Be in control! Curbing your appetite

Bill Phillips, an American entrepreneur and author once said that food is the most widely abused anti-anxiety drug in Australia, and exercise is the most potent yet underutilized antidepressant. Ok, little lie. He wasn’t referring to Australia but America, but he wouldn’t have been wrong if he had. In fact, I’m sure most of us think his reasoning applies not only to Australia but to our modern societies.

But does this really apply to Australia? Does the data show a different picture? Aren’t we the poster country of fit and healthy people that happily show off their glorious and shiny bodies at the beach?

Well, it does apply. In fact, maybe too much. Studies show that more than half -yes, you read that right- of Australians adults are overweight. According to the World Health Organization, we rank top 20 in countries with the highest percentage of overweight people. In addition, obesity affects 1 in 4 adults in our country and its prevalence is expected to rise.

Certainly, not everyone tends to reach for the fridge because they have anxiety, but overeating is, especially with all the readily available junk food, more common than ever.

What follows then are simple yet effective ways you can curb your appetite when those seemingly uncontrollable cravings strike:

  1. Go for alternatives

If you are taking out your frustrations, stress or anxiety by eating, find ways to deal with these feelings. For example, if you are eating because of anxiety, resort to exercising, meditating and any activity you enjoy that will help you keep your mind off eating.

  1. Drink enough water

Drinking water increases the feeling of fullness, thus decreasing your hunger.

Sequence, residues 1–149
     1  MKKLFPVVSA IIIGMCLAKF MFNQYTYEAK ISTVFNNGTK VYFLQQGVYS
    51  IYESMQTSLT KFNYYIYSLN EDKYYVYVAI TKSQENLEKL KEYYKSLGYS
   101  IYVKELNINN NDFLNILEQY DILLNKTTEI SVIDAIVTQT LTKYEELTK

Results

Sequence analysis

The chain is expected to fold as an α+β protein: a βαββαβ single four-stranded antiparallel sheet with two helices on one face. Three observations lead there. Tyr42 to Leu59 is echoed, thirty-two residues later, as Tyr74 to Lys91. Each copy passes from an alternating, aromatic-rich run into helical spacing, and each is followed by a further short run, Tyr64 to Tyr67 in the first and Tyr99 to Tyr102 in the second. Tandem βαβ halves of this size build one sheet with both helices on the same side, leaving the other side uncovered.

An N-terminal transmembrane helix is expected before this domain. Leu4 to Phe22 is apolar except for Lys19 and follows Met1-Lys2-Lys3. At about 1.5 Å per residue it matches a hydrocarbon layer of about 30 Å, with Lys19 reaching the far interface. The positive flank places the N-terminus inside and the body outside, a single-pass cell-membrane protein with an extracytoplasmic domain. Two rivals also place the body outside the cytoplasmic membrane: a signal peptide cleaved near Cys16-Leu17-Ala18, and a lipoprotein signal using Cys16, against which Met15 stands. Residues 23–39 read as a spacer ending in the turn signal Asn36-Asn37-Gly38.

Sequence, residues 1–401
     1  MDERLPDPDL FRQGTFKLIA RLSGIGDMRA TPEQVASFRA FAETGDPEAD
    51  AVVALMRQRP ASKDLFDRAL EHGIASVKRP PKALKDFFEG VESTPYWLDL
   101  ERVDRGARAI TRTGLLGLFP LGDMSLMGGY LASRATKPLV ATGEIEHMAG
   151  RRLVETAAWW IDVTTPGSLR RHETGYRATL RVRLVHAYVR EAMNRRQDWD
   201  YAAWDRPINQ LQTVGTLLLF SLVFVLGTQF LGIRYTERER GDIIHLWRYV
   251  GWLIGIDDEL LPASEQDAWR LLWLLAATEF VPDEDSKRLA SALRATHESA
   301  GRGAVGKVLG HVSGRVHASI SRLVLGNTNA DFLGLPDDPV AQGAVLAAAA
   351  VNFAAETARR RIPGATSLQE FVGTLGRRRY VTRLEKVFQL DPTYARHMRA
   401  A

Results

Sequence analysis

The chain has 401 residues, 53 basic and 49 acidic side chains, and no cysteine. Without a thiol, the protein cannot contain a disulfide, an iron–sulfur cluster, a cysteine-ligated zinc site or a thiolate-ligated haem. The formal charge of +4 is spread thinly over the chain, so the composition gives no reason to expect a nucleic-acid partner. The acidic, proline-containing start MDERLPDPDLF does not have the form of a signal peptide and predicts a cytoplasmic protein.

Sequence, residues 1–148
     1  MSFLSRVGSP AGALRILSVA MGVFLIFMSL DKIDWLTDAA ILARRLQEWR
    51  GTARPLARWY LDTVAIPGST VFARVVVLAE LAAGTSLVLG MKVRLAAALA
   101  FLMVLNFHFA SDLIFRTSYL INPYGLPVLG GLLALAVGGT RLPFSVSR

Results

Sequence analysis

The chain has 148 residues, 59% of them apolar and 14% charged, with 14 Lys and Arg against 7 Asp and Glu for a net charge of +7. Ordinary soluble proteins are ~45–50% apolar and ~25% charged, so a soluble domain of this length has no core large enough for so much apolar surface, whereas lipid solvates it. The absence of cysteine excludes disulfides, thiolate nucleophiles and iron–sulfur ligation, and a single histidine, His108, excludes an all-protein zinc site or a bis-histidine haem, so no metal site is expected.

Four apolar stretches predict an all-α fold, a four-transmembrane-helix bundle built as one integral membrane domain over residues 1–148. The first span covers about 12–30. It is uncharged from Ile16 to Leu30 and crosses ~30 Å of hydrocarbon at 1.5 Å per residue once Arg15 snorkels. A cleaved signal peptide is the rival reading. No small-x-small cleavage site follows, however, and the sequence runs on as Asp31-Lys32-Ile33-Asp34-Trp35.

1. Don’t keep high-calorie junk food, desserts or sweets at home

It is easy to indulge in something if you know It is right in front of you for grabs. This, of course, doesn’t mean don’t indulge in those foods ever again, but at least make it a habit to not eat them in the beginning. High-calorie foods contribute to putting on weight very easy.

  1. Get busy away from food

When those cravings strike, go for a walk or a run, walk the dog, go to the park, run some errands.

  1. Write down how you feel after overeating

Not too good, right? Doing this and getting back to it will remind you that overeating is, of course, pleasurable but ultimately not worth it.

  1. When it’s time to eat, consume foods that will fill you up

High-Water, high-fibre foods help curb hunger. Fruits and vegetables are high-volume foods that keep you satiated, and what’s best a lot of them are low on calories. Additionally, when you eat as much as you want of foods that are high in volume but low in calories you eat less during the day.

 

 

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